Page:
Pros and cons of share vesting

Pros and cons of share vesting

Linkilaw Startup Advice & Tips

This article is the second part of a four-part series dedicated to share vesting. Check out the first article in the series: What is share vesting? 

In the last article in our share vesting series, we defined share vesting as the process by which an employee, investor, or co-founder is rewarded with shares or stock options but receives the full rights to them little by little over time. We outlined some important reasons to consider using share vesting, whether your goal is  retaining talent, demonstrating commitment, or protecting your business.

In this article, we’ll go into a little more detail about the three main benefits of share vesting—preserving your cash flow, employee retention and employee productivity—as well as the precautions you should take to ensure the growth of your company.

Pros and cons of share vesting

Pro: Preserving your cash flow

Particularly if your company is in its infancy, minimising unnecessary expenditures is vital. One of the top benefits of using share vesting is protecting your cash flow by using equity instead of cash, but in a way that ensures the recipient performs their obligations in the long term.

One of the most famous stories about using equity instead of cash occurred in 2007 when Mark Zuckerberg commissioned artist David Choe to paint a mural in Facebook’s headquarters and paid him with Facebook equity. At the time, accepting Facebook shares instead of cash was seen as a gamble, but when the company went public in 2012, Choe’s shares were valued at approximately $200 million.

The moral of this Facebook story is that using equity instead of cash allows you to pay with equity by leveraging your company’s potential. Using share vesting in the payment terms helps you gain the benefit of leveraging your equity for long-term relationships.

Pro: Employee retention 

Employee turnover can slow your business down and hurt your cash flow. In a startup environment where time and cash are extremely valuable resources, minimizing turnover is a top priority.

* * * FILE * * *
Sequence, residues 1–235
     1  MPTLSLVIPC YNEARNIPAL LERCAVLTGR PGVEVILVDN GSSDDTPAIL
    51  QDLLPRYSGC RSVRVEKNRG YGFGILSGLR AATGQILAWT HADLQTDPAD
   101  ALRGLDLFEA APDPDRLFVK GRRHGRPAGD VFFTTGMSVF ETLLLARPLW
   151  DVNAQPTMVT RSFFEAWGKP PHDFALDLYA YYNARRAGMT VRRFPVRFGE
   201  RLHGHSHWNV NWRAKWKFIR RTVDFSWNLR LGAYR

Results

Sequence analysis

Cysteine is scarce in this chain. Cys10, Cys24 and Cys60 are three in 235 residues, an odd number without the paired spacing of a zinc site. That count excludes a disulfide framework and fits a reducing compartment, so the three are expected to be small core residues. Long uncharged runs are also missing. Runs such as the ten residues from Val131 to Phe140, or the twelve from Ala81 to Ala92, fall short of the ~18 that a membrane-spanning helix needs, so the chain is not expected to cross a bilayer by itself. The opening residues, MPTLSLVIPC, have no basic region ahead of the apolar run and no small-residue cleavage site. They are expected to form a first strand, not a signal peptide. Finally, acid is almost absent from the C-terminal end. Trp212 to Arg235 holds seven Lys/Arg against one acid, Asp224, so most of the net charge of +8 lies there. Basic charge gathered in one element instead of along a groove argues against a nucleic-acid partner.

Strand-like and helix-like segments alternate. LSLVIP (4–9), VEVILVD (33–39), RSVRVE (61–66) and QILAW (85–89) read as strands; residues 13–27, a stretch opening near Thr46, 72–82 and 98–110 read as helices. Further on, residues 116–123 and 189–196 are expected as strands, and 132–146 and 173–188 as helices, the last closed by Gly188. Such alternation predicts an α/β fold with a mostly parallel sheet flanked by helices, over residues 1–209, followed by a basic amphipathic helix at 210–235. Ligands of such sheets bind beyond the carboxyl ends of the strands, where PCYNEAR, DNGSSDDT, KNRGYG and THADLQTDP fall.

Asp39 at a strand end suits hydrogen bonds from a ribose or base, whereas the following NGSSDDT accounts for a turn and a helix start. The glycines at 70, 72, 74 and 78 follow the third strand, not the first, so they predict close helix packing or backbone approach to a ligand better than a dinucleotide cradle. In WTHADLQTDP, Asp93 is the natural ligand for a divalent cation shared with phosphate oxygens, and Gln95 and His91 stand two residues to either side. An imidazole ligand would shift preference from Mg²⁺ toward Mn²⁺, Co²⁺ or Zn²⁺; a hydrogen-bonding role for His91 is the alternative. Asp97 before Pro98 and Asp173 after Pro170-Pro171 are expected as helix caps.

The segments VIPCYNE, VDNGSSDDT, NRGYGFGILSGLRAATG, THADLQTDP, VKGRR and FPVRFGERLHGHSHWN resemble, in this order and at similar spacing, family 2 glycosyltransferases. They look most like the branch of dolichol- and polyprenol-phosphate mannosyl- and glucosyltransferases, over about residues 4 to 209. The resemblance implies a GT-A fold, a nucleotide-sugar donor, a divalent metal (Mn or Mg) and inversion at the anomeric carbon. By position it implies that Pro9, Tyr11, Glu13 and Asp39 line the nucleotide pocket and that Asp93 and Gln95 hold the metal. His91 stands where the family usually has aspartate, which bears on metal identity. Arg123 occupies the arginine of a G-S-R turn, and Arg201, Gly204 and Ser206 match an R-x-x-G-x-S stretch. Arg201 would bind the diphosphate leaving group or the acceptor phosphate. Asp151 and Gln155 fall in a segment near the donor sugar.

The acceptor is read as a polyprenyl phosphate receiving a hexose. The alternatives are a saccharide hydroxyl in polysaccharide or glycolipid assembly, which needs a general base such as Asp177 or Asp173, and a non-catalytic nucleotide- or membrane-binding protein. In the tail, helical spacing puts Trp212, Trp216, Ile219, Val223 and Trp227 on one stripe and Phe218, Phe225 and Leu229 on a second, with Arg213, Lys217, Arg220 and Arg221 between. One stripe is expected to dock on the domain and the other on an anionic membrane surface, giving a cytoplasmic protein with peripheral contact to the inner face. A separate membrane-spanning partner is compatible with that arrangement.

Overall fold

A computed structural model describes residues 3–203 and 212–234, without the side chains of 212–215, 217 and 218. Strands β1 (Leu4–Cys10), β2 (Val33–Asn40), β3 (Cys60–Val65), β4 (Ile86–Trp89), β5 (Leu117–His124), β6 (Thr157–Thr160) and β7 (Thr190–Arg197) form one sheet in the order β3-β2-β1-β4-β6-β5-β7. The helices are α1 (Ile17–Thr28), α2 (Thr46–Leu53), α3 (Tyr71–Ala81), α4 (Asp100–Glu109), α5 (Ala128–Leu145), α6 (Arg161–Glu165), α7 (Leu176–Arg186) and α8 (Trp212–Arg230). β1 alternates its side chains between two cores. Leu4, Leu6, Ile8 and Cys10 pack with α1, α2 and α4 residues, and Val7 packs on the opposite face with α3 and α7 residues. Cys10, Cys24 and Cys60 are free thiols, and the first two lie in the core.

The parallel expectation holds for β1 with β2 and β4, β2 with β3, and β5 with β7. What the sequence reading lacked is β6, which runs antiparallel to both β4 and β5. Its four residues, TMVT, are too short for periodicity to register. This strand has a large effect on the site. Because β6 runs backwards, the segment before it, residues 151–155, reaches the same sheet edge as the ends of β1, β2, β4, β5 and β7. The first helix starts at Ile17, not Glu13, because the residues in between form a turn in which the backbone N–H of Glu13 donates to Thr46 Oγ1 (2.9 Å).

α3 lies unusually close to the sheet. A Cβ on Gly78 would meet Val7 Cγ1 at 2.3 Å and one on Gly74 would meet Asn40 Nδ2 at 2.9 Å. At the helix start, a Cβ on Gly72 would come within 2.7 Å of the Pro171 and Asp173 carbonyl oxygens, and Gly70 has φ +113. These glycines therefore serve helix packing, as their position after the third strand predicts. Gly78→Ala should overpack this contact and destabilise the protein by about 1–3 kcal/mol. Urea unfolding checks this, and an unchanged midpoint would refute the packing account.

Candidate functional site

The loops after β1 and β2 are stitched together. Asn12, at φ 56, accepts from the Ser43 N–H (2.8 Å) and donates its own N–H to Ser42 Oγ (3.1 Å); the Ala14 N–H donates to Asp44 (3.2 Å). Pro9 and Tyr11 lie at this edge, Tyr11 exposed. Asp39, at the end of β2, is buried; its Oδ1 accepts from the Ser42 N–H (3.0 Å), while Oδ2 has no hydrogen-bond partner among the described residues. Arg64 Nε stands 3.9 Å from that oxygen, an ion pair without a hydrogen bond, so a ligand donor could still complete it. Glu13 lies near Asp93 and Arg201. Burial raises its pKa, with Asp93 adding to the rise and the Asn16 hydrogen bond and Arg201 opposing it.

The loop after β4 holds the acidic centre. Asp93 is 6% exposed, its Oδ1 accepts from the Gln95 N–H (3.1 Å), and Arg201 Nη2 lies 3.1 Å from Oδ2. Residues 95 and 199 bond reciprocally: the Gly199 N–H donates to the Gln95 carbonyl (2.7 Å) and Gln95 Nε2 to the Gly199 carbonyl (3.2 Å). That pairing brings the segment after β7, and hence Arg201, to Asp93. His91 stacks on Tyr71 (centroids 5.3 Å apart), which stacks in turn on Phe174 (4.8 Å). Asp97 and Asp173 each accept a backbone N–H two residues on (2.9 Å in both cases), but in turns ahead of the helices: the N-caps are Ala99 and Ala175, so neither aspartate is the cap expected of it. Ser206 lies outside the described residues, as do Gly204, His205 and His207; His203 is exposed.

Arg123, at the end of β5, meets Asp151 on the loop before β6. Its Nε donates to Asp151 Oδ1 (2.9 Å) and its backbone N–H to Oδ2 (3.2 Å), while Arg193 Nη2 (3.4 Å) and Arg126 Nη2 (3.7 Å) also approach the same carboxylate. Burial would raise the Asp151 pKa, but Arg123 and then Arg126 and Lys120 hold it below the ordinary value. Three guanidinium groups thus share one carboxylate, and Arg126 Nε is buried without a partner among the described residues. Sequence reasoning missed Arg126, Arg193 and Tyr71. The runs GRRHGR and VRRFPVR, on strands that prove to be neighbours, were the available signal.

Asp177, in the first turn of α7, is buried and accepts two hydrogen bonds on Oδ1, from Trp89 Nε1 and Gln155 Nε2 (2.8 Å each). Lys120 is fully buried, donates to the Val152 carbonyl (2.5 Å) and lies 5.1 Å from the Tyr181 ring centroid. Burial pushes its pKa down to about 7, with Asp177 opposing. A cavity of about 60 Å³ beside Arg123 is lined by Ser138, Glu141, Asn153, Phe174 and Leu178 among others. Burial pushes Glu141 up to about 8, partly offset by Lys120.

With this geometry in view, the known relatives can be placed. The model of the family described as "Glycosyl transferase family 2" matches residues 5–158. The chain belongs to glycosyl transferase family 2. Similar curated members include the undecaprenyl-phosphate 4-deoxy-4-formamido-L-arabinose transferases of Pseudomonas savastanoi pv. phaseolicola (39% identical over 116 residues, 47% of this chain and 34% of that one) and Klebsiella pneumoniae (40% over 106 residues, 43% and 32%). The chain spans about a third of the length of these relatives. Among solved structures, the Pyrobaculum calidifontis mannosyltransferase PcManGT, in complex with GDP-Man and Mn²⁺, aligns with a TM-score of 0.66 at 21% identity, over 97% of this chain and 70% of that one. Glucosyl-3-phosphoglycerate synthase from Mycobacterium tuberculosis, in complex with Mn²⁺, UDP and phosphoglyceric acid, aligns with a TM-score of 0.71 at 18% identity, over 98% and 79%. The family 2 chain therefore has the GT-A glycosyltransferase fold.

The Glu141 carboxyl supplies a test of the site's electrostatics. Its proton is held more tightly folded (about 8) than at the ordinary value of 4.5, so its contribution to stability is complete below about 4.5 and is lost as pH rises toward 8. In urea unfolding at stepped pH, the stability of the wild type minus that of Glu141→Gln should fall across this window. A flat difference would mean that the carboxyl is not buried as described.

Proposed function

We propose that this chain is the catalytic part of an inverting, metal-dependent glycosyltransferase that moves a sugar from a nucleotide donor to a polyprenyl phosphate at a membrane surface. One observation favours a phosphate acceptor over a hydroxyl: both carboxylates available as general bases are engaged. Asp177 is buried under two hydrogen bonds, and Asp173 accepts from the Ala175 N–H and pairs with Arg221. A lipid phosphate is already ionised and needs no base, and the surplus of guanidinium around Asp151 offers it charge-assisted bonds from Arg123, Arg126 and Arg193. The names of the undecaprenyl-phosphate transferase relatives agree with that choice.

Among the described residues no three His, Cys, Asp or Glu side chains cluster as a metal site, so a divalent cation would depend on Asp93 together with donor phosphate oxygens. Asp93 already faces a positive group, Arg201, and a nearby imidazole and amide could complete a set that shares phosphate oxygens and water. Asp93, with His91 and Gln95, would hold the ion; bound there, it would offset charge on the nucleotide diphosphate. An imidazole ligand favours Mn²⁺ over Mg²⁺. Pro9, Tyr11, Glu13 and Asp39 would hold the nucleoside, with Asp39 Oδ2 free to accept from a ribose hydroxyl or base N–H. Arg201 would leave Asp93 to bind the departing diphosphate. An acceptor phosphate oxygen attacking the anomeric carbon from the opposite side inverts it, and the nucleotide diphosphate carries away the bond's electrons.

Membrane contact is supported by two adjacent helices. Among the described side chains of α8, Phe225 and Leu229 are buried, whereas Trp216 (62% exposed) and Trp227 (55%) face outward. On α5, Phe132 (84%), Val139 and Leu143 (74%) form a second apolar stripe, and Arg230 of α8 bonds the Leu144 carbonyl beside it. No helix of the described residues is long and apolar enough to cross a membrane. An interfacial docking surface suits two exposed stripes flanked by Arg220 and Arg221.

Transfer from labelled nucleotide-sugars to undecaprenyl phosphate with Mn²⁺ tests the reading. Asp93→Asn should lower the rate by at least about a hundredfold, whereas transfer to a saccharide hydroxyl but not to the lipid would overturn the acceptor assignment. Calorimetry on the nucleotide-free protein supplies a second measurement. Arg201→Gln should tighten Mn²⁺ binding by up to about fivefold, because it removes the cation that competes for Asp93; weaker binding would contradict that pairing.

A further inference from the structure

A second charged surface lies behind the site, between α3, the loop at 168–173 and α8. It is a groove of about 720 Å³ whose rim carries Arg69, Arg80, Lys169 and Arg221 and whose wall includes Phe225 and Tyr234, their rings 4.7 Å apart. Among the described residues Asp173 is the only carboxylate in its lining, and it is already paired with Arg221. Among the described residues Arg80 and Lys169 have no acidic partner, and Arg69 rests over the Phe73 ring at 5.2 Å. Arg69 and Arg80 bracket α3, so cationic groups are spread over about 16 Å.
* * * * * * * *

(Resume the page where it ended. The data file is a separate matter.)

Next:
As noted in the first article in this series, share vesting is a very useful tool to retain top talent as well as keep them loyal to your company. Studies have shown that employee turnover rates are lower for employees who have not completed their vesting period. The expectation of future gains incentivises current employees to remain with your company, particularly when your business is in its growth stages.

Pro: Employee productivity

Using share vesting (and equity in general) as part of an employee’s compensation can also improve employee  productivity.

Giving an employee shares effectively makes them a part-owner of the company. Although their ownership is usually relatively small, even a small percentage of company equity can shift an employee’s mindset from thinking about what’s best for them on an individual level to thinking about what’s best for the company.

Using share vesting in an employee equity arrangement makes this situation even more of a win-win for founders and directors—the employee develops an ownership mindset from the start, while the company takes on less of the risk associated with giving away equity.

And, if you outline the conditions of share vesting wisely, it has the potential to incentivise your employees to perform better by promising an equity reward for certain performance milestones and outcomes. (We’ll talk about the different types of vesting schedules in the next article.)

Risk: Choosing the wrong vesting period

Nothing is ever perfect, and this truism extends to share vesting as well. Although there are serious benefits to using share vesting, there are also certain precautions that you should take when organising a vesting scheme for your employees or partners. The first of these relates to choosing the wrong vesting period.

As we’ve mentioned, share vesting is a common way to lure top talent. However, vesting in and of itself may not seal the deal—the shares need to vest within a reasonable amount of time for the offer to be attractive. It’s important to strike the right balance between ensuring  your company receives the long-term benefits of retaining your employees and ensuring the vesting period feels attainable.

Particularly in today’s job environment where job-hopping is increasingly common, talent may be hesitant to rely on equity compensation if they believe there’s too high of a risk they won’t reach the end of the vesting period.

Risk: Short-term compensation needs

Share vesting is an attractive tool as a supplementary piece to a compensation package, but the promise of long-term financial gain doesn’t replace the need for tangible compensation in the short term.

Again, balance is key—while share vesting can bolster an offer where the salary or other tangible benefits are below-market, few employees are in a position to accept equity—and especially shares that are subject to vesting—if the rest of the compensation package doesn’t meet their short-term financial needs.

Bottom line

When used properly, share vesting can serve as a vehicle to minimise cash outflow, grow your business, and keep your employees happy and productive. But, as with most considerations in the startup world, it must be done strategically to be able to maximize the benefits and minimize the risks.

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